I have really enjoyed this series created by Paul Lacoste. I was really looking forward to this installment because I think that this chef is one of the most celebrated in present day, creates some of the weirdest combinations of food and has showed incredible resolve having earned 3* at his first restaurant then lost the restaurant only to rise from the ash to create a global empire. I was excited to learn some of the method behind this captivating figure.
I have to say, I was a bit disappointed. There is no real insight into his method-in fact he is a sloppy cook and his basement “atelier” is akin to a beat up galley kitchen on an old frigate. The dish he creates down there-which is basically some sauteed potatoes wrapped in cabbage is haphazard at best. His staff taste it and I do not see any excitement in their reaction at all. In fact they seem at a loss for words-not because its so magnificent but because it seems so pedestrian. Also, watching Chef work the line during service was difficult-no real finesse and the fish he is working with seems to be way over cooked. Who am I to say as I don’t have stars to my name….
I dined at his flagship in 2003-it was the last of 4-3* meals I had in a 10 day Paris dinning blow out. That trip put me in severe debt as I racked up some $10,000 in credit card bills knocking off some 20+ Michelin stars. In a nutshell-Guy Savoy was as close to perfection in modern French food as you can get-his signature dishes were as good as you read and all aspects of the service were sublime. Lucas Carton was heavy and stayed (still the venison cooked in sea grass with blood sauce was wonderful). Arpege will always be in my top 5 experiences of my life-the meal was contemporary but grounded with a wonderful marriage of head and heart. That 4 hour meal concluded by a regular customer named Monsieurs Façon offering me a dram of 125 year old cognac from his private stash (when I went by his table to thank him he merely said “I just want you to enjoy Paris-cool huh!). I left with a hug from Passard and giggled uncontrollably for 10 blocks. Pierre’s meal had some great moments and the sheer volume of dishes was dizzying and the number of ingredients on many of the plates overwhelming. The degustation was 9 courses but there were near triple that amount of small tastes that cropped up at various points throughout the meal. The 2 best dishes were roasted black radish topped with a celery root cream, gelee, crispy artichokes and a shower of black truffles-earth earth earth…The other was a filet of rouget wrapped in lardo with capers and crab glace. This was the first time I had lardo-it was akin to the first time I had caviar.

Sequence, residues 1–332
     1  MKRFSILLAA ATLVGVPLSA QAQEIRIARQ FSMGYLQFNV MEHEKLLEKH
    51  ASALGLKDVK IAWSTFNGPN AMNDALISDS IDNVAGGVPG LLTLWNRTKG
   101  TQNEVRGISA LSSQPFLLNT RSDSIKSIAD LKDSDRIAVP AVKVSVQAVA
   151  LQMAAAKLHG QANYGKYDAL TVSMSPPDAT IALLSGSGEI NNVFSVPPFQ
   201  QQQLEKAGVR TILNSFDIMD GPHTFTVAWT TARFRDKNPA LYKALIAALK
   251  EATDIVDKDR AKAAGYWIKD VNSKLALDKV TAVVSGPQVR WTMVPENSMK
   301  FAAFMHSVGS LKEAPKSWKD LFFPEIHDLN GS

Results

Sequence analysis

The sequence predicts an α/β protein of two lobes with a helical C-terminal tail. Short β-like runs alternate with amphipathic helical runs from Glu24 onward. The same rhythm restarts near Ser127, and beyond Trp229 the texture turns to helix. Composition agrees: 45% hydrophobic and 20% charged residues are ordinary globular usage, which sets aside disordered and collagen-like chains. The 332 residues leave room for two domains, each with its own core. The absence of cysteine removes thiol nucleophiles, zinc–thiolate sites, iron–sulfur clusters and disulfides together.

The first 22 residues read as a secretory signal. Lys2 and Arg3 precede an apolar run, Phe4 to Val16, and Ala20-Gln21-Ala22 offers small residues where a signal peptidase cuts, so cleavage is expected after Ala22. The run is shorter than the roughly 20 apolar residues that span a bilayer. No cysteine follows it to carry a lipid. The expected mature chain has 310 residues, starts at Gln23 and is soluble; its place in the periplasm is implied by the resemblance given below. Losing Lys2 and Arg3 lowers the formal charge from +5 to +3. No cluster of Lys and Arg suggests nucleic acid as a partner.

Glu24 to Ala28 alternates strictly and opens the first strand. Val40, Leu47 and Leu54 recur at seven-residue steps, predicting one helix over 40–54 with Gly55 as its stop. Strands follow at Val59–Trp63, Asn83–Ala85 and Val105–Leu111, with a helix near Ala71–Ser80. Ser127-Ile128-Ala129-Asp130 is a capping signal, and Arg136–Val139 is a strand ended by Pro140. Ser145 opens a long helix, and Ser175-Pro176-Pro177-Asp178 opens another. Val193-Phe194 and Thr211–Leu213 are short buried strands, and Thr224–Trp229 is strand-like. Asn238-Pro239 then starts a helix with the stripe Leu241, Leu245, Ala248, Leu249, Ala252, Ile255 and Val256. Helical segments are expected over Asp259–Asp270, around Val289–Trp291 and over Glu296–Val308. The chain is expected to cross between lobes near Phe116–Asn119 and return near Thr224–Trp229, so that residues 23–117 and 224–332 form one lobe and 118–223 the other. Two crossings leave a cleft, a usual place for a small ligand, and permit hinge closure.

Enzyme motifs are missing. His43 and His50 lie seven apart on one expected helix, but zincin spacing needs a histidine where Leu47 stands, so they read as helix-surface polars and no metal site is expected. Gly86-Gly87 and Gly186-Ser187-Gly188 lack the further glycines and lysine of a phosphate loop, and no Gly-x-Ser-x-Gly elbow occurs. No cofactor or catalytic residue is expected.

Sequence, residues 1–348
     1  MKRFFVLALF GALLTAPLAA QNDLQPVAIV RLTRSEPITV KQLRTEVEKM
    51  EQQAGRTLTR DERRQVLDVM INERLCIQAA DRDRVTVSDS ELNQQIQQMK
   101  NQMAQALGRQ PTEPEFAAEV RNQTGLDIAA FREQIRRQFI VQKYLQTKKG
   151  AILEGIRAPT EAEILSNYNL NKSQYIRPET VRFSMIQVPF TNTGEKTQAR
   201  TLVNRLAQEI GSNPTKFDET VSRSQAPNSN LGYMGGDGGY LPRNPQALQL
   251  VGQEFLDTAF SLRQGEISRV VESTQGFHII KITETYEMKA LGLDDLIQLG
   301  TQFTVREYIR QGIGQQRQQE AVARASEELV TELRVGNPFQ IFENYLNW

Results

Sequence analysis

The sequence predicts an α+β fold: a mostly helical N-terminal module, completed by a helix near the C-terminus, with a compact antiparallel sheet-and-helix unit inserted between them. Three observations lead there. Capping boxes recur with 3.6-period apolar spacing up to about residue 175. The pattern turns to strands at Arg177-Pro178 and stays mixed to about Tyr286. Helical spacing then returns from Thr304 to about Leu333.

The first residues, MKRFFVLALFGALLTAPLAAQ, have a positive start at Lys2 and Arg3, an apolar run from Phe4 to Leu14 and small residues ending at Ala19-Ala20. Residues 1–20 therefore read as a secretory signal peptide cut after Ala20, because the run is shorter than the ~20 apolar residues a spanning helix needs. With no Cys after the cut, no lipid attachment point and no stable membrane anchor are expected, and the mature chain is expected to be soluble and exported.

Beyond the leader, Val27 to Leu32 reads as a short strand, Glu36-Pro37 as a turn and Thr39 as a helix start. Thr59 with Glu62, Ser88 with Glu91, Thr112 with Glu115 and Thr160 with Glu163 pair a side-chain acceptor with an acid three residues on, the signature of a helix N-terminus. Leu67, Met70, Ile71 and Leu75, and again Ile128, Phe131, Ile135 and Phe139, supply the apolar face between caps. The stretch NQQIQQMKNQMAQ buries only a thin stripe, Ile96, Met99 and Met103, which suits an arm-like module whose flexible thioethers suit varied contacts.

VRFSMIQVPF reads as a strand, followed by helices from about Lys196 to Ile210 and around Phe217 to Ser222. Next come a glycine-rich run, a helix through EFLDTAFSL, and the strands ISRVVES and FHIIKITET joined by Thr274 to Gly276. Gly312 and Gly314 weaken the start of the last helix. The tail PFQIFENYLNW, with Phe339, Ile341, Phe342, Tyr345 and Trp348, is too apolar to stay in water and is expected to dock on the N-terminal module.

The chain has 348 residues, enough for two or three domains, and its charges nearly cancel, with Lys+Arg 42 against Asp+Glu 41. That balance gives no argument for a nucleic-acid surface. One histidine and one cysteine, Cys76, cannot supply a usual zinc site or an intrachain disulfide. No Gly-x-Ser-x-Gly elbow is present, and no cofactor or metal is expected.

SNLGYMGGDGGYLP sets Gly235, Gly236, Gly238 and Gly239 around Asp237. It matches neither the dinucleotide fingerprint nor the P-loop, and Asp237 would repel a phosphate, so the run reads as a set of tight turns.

Anyway the movie is worth seeing it just left me feeling a bit empty. What you project onto someone you admire is often not what they are.